Point Betsie is the northernmost of Michigan’s three major points along Lake Michigan. It is also the entrance to the Manitou Passage, a narrow strip of treacherous water between North and South Manitou Islands and the mainland shore. Thus, building a lighthouse on Point Betsie was critical to ensuring the safety of mariners in the 1800s.
The lighthouse opened in 1858, and still stands today, making it one of the oldest continually serving lighthouses in Michigan. Point Betsie Lighthouse is unique among area lighthouses because it has an attached residence and a separate life-saving station next door. The life-saving station was built in 1876, replaced in 1917, and closed in 1937. It is now painted bright red and is as attratcive of a structure as the lighthouse itself.
The shoreline around the lighthouse consists of unspoiled sand and dunes. The lighthouse and shoreline are easily accessible via a parking lot. The lighthouse is visible and accessible from 360 degrees. These traits make Point Betsie one of the most visited and photographed lighthouses in the United States. The lighthouse features a cylindrical tower connected to the keeper’s quarters. The roof is painted red, trim, soffits, and gutters painted green, and walls painted birhgt white. The tower is thirty-seven feet high. Since the lighthouse is built atop an elevated concrete foundation, the light sits fifty-seven feet above the lake. The exterior consists of painted brick.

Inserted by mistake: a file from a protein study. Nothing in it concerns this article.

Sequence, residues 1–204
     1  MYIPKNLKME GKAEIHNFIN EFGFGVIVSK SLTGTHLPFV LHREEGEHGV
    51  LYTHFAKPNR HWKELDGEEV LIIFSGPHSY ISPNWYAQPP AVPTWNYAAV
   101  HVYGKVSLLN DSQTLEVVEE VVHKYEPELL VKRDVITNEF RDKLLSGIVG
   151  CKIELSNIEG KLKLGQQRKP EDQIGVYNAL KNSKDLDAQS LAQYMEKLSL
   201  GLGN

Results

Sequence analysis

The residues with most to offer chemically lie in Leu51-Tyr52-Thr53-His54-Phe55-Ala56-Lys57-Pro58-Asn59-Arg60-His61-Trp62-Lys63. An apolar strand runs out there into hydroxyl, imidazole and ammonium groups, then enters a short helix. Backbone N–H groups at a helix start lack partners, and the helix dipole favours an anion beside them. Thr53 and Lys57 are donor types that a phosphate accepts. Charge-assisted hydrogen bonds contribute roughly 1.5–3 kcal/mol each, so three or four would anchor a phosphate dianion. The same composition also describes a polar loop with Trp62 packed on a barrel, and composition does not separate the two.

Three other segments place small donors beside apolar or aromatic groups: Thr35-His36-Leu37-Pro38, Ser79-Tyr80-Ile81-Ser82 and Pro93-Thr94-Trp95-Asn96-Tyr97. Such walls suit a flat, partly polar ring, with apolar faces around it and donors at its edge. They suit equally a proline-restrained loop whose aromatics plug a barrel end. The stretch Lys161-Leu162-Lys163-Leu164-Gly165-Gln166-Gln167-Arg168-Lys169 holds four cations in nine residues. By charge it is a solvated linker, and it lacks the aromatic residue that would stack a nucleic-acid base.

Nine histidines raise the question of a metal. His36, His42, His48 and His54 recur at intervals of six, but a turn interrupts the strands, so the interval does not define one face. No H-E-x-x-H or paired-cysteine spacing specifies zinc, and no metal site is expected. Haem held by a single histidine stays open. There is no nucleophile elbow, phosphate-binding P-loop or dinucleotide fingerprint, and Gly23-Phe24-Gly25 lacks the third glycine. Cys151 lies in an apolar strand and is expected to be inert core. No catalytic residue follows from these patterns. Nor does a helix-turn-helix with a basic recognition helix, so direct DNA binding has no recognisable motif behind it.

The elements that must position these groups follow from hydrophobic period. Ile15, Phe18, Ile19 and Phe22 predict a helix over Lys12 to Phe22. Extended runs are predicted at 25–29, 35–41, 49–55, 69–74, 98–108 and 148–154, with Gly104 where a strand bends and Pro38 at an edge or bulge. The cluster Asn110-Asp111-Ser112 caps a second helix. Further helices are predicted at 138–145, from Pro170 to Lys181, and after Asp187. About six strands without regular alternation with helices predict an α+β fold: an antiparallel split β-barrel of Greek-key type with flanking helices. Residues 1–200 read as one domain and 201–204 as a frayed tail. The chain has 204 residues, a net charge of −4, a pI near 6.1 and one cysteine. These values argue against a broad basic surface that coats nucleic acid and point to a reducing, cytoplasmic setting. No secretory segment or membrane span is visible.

While many other lighthouses of the era were made of wood and burned and deteriorated as a result, Point Betsie’s brick structure has withstood the test of time. From a political standpoint, however, it is somewhat surprising that the original structure has endured. In 1880, the Lighthouse Board reported that the original work on the structure was “miserably done” and that the light itself “has never given satisfaction.” The board recommended an appropriation of $40,000 to build a new 100 foot tower, persistently repeated the request for many years. After numerous rejections, the board relented, choosing instead to build a fog station and improve the lighthouse’s lens and foundation.
Point Betsie stands out historically because it was not automated until 1983. It was the last lighthouse on the Great Lakes to rely on a lighthouse keeper. Coast Guard staff lived in the quarters following automation until 1996, when the heating system failed.
In 2004, Benzie County acquired the lighthouse and immediately leased it to the Friends of Point Betsie Lighthouse. This conservancy has done an outstanding job renovating he structure and restoring it to its original color scheme.